Eli – that is good stuff you referenced in post 75. I am a bit new to the site and have not seen such data and analysis before. Interesting to see how this plays out, and I await Gavin’s post on the Hansen predictions. One question, any reason the observed temps stop at 1998? Temps have dropped a bit since and seem to diverge from the Hansen predictions.

  32. 82
    Nick says:

    Entertaining article, Gavin. I actually like use of humour. Cheers!

  33. 83
    Lawrence Brown says:

    Here’s what the British Meteorological Office( has to say about solar activity and climate change:

    “There are many factors which may contribute to climate change. For example, over the last million years most of the long-term changes in climate were probably due to small but well understood changes in the Earth’s orbit around the Sun. Over much of the last 1,000 years most of the variability can probably be explained by cooling due to major volcanic eruptions and changes in solar heating.

    However, the situation in the 20th century is more complicated. There is some evidence that increases in solar heating may have led to some warming early in the 20th century, but direct satellite measurements show no appreciable change in solar heating over the last three decades. Three major volcanic eruptions in 1963, 1982 and 1991 have led to short periods of cooling. Throughout the century CO2 increased steadily and has been shown to be responsible for most of the warming in the second half of the century.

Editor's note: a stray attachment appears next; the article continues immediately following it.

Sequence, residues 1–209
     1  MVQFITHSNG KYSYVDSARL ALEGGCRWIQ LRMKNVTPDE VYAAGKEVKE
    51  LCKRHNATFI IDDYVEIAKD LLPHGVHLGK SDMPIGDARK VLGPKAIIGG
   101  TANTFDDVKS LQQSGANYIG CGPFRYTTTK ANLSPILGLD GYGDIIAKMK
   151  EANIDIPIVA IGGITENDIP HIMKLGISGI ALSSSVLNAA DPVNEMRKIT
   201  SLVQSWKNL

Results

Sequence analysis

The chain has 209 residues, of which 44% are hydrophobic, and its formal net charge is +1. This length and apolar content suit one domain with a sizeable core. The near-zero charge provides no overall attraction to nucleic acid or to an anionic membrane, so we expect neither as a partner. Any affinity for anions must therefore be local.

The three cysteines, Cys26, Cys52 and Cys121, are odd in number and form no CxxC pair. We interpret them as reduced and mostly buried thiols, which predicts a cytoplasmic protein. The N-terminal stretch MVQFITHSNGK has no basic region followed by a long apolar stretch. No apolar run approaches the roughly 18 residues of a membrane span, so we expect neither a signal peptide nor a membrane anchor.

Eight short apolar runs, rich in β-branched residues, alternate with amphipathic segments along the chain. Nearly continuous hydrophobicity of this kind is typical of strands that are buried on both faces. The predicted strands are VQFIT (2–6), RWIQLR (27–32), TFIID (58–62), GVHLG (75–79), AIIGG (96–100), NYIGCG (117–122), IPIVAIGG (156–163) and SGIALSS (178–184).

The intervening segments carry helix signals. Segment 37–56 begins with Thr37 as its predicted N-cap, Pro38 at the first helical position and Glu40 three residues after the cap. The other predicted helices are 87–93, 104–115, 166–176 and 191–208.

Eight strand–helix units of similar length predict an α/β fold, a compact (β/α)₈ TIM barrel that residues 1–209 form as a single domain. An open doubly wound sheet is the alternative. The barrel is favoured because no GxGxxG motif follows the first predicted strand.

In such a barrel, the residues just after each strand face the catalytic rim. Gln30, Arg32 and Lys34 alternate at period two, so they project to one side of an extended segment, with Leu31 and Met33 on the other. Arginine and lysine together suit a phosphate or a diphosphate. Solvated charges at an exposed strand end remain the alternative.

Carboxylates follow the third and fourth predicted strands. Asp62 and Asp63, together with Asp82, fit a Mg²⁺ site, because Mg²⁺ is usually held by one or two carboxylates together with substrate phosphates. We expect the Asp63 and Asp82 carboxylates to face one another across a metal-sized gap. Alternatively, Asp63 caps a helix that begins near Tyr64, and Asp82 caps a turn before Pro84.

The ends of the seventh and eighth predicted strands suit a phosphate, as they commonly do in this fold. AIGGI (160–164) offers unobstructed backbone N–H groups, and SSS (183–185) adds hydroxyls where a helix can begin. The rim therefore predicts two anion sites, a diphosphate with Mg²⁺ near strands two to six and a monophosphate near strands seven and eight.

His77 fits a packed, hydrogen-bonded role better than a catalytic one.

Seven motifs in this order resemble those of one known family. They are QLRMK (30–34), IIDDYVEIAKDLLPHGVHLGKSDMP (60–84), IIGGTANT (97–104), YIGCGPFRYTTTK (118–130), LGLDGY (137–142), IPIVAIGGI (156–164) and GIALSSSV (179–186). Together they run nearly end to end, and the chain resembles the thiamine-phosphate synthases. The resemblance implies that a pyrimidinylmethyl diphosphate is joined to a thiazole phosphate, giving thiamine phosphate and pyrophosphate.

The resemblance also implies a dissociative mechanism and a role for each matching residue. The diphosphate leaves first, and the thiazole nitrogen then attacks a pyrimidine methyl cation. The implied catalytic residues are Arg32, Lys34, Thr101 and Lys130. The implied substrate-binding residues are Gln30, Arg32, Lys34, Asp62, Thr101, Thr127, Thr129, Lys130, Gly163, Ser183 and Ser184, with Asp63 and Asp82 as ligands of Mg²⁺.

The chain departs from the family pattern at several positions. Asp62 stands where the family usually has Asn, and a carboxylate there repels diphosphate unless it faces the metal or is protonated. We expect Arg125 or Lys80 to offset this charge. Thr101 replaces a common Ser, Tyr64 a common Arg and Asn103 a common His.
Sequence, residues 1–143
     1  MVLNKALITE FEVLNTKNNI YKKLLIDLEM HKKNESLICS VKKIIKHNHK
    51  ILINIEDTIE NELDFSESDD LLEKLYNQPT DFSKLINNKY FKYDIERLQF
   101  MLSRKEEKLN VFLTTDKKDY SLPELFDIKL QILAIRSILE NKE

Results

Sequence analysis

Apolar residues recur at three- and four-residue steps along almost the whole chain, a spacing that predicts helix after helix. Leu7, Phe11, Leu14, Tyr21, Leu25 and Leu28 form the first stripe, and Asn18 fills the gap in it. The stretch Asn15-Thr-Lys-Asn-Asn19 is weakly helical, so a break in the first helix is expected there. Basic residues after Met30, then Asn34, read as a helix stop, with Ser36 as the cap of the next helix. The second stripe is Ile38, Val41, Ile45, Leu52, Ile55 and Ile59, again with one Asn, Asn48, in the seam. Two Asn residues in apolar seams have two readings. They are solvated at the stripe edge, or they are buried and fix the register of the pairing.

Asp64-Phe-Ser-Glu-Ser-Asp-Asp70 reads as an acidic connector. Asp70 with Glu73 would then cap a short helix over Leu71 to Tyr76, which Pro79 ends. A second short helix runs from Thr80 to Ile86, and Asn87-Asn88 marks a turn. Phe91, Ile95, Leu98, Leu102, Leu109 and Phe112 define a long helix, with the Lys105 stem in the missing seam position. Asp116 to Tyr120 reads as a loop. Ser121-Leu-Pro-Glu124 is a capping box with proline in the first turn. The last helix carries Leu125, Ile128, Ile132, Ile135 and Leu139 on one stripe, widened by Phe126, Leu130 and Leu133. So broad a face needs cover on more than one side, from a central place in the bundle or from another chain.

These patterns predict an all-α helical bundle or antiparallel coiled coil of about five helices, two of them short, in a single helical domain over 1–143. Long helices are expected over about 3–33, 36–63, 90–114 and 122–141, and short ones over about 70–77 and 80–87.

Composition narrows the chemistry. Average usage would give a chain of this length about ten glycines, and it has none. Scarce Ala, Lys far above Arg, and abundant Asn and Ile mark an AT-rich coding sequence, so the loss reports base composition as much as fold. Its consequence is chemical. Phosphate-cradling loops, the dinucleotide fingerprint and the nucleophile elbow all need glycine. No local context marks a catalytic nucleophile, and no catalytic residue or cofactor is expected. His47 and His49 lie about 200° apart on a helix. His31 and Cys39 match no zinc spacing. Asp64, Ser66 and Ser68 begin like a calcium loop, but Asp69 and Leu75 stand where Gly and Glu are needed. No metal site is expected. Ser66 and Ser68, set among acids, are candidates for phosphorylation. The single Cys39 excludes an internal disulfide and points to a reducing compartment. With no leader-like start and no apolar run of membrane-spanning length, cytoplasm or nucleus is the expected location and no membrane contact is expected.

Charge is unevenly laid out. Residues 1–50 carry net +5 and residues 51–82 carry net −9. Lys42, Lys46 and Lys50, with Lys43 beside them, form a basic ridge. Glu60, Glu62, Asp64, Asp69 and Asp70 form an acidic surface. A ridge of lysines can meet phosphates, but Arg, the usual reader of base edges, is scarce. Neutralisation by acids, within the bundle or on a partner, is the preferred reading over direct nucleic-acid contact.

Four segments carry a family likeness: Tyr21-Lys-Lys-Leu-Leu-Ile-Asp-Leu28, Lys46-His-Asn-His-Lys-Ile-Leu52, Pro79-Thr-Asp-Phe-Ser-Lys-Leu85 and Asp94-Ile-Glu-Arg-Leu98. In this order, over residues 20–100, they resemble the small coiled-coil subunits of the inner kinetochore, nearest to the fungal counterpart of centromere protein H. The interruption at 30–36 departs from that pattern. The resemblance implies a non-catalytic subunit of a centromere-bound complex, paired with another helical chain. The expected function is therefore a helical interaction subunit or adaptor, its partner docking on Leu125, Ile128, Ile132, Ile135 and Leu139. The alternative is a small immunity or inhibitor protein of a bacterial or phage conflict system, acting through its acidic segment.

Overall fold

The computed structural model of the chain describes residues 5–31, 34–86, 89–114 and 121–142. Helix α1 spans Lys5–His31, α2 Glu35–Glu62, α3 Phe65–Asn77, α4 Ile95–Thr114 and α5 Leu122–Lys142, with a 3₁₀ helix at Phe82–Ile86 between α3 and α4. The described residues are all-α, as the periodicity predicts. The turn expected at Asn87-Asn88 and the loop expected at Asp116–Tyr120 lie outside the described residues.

The final piece of the jigsaw is that as well as producing CO2, burning fossil fuels also produces small particles called aerosols which cool the climate by reflecting sunlight back into space. These have increased steadily in concentration over the 20th century, which has probably offset some of the warming we have seen. Only when all of these factors are included do we get a satisfactory explanation of the magnitude and patterns of climate change over the last century.

    The bottom line is that changes in solar activity do affect global temperatures. However, what research also shows is that increased greenhouse gas concentrations have a much greater effect than changes in the Sun’s energy over the last 50 years.”

  34. 84
    CC says:

    Tim Ball’s argument is simply amazing. (see post 79). Has he read ANY intro textbook? All the standard intro texts discuss Milankovitch orbital cycles in their discussion of ice ages. Given the long time scales of the rather modest orbital forcing, I’m not sure how they could explain substantial warming on decadal time scales. Then again, he “nicely” conflates Milankovitch forcing with sunspots.

  35. 85
    James says:

    Re #78: [Gavin, are you 100% certain that CO2-emissions from humans are the reason for Global Warming?]

    I’m not Gavin, but a simple answer from a non-expert is that, like a lot of people, you’re getting things backwards. CO2 has an insulating effect – we know this because people have measured it. Humans have been putting more CO2 in the atmosphere – we know this too, because we’ve measured it. Putting those two facts together, we deduce that the Earth should get warmer as a result of the CO2. We look at temperature records, and lo and behold, we see that the Earth is in fact getting warmer.

    Where exactly is the problem in this? It seems really simple to me, about at the level of figuring out that you’re feeling too warm because you’re wearing an extra sweater :-)

  36. 86
    stuart says:


    Aha, but you are just being fooled by a coincidence. If fact while in a lab CO2 will absorb energy and act as an insulator, when it is in the atmosphere pixies cast magical spells on the CO2 so that the radiation passes straight through it. Of course we would have realised this long ago if it wasn’t for the fact that, completely coincidentally, as human CO2 output has risen unicorn wave emission from the sun has increased at the same time. Now unicorn waves have the strange property that they curve away from detectors (they are shy), so the satellites and other systems that monitor the sun continuously don’t see them, and this is actually what has caused the warming.